Is Screen-Time Ruining Children's Eyes?

Author: Millcreek Optometry Centre | | Categories: Astigmatism , Contact Lenses , Emergency Eye Exams , Eye Care , Eye Care Centre , Eye Doctors , Eye Exams , Eye Glasses , Hyperopia , Myopia , Opticians , Optometrists , Pediatric Eye Exams , Sunglasses

 Blog by Millcreek Optometry Centre

Countless times, after performing an exam on a child I've turned to the parents and explained that their child needs glasses and right away they say to their kid "I told you that you're using the iPad too much!" Screen-time is a major concern that parents have when it comes to their children's eyes. But what are the real risks? Do they cause the need for glasses? Are screens damaging to children's eyes? Everyone seems to have an opinion but I'll summarize what the evidence has shown and try to break it down into a few categories.

Screens do not cause nearsightedness but may cause visual discomfort

Looking at screens, especially screens within arms reach, require the muscles in and around the eyes to work hard to keep things in focus. This is fine for shorter periods of time, but if prolonged it can strain the muscles leading to soreness around the eyes or eye fatigue. Generally, this is not permanent and can be relieved by simply turning off the screen or at least taking breaks. Looking at a screen for a long period of time can also increase the dryness of the eyes, which can make the eyes uncomfortable.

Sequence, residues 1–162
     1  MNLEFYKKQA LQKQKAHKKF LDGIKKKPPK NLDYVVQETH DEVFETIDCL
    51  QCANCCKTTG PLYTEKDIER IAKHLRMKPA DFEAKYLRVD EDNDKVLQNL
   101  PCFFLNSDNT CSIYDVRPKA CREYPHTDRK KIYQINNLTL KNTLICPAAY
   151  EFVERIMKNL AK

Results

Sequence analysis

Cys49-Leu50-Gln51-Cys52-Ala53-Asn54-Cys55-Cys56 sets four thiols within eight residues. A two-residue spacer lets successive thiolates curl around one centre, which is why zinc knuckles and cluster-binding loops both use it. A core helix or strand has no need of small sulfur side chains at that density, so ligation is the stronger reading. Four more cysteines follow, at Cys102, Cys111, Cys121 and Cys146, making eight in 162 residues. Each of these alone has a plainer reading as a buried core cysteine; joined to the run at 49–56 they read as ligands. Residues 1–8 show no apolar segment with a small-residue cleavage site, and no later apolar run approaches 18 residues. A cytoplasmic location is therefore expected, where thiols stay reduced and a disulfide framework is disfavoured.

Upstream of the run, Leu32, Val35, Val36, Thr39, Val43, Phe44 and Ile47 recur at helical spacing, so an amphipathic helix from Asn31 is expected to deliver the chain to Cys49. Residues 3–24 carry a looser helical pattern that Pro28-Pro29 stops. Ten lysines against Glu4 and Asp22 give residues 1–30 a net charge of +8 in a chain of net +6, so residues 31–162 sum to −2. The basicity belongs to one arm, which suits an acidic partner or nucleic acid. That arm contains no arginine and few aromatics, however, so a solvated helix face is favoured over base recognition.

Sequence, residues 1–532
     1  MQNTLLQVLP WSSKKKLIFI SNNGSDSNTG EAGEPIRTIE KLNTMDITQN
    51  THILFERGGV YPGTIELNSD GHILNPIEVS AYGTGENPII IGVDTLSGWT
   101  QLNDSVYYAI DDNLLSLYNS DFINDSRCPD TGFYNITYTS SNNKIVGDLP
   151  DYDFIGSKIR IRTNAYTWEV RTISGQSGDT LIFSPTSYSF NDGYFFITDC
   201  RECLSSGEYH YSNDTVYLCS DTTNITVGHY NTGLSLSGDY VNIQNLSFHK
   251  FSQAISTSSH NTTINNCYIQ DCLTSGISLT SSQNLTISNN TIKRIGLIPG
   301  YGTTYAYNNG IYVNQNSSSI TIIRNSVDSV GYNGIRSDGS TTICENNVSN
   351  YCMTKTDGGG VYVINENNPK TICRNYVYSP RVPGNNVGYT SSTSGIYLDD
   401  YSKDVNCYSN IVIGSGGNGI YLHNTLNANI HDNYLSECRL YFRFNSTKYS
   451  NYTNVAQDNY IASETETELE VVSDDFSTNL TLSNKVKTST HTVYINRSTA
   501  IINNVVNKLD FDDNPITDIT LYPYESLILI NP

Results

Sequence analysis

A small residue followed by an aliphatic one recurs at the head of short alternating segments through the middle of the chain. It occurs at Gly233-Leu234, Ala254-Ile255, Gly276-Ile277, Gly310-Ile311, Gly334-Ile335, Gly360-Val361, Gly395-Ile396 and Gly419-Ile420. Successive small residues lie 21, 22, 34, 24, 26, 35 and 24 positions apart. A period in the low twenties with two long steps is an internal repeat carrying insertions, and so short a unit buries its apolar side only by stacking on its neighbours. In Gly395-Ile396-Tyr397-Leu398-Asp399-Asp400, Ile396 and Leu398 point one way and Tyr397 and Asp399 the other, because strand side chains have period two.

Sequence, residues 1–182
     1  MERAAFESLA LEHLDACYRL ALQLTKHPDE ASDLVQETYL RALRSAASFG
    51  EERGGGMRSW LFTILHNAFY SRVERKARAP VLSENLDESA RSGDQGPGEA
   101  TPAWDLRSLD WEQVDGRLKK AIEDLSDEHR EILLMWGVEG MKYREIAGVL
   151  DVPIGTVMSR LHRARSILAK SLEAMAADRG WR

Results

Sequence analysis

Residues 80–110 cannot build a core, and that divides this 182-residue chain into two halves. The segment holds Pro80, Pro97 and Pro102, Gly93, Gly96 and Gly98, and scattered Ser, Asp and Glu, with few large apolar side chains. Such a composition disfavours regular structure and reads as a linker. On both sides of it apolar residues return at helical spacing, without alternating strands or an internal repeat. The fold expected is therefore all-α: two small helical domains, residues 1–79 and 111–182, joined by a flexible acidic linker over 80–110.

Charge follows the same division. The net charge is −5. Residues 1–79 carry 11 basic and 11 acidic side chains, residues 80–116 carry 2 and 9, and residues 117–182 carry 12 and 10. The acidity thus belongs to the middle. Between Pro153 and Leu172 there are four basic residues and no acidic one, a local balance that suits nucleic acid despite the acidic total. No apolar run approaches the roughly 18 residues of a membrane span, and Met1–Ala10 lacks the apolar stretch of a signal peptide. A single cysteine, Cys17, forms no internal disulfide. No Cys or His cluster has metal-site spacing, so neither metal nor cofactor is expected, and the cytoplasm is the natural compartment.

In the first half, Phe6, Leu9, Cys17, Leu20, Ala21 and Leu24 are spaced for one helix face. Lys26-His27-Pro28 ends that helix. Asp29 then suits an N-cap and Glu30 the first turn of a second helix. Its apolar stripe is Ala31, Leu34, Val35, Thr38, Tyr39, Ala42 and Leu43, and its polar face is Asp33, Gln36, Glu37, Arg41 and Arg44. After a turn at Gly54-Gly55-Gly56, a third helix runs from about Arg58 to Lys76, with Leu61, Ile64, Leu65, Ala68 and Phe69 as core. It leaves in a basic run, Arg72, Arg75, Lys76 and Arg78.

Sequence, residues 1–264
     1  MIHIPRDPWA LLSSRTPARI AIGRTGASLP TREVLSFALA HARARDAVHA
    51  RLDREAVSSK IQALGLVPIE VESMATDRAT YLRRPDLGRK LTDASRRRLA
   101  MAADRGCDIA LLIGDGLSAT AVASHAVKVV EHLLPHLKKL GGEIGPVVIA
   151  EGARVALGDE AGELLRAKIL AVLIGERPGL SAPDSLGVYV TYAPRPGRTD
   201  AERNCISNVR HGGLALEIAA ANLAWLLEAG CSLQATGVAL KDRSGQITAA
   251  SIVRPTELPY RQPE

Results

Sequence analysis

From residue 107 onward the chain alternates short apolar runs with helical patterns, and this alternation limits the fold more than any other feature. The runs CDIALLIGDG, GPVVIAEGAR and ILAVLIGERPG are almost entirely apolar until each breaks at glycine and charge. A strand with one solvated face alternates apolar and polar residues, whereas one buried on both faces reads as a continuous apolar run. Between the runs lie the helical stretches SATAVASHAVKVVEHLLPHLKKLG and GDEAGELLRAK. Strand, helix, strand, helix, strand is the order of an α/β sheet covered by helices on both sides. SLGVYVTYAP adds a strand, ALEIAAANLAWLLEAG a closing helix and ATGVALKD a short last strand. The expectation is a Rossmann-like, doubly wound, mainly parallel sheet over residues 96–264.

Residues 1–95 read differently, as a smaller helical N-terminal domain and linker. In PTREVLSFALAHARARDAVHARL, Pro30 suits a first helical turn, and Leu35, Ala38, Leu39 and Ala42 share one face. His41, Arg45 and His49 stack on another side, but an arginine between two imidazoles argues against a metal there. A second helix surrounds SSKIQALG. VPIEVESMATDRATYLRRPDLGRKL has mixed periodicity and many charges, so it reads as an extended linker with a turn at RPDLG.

Despite this temporary discomfort, research has shown that screen-time is not a direct cause of increasing prevalence or progression of myopia (nearsightedness). Basically, screen use does not make you need glasses and does not make a glasses prescription worsen. There is evidence, however, that decreased outdoor time does make glasses more likely so if screen-time is causing your children to be outside less, that could have an effect. So make sure your kids get outside (and remember to use sunscreen and sunglasses)!

Screens affect more than just our eyes!

Screens do not cause a need for glasses but that doesn't mean there's no need for limits. Screens actually can affect childhood development as a whole. High amounts of screen time is related to increased risks of obesity, worse school performance, worse sleep quality, and risky behaviors in older children, as well as delays in critical cognition, learning, and social skills in younger children. We need to protect our children from those effects!

Here are some recommendations from the Canadian Paediatric Society:

Minimize screen time:
  • Screen time for children younger than 2 years is not recommended.
  • For children 2 to 5 years, limit routine or regular screen time to less than 1 hour per day.
  • Ensure that sedentary screen time is not a routine part of child care for children younger than 5 years.
  • Maintain daily 'screen-free' times, especially for family meals and book-sharing.
  • Avoid screens for at least 1 hour before bedtime, given the potential for melatonin suppressing effects.
Mitigate (reduce) the risks associated with screen time:
  • Be present and engaged when screens are used and, whenever possible, co-view with children.
  • Be aware of the content and prioritize educational, age-appropriate, and interactive programming.
  • Use parenting strategies that teach self-regulation, calming and limit-setting.

Technology can be wonderful but we do have to make sure we integrate it properly. Screen-time can be fun or maybe even educational at times, but the well-being of our kids should be a top priority. It won't make your kids need glasses, but it can have other effects. The key is balance.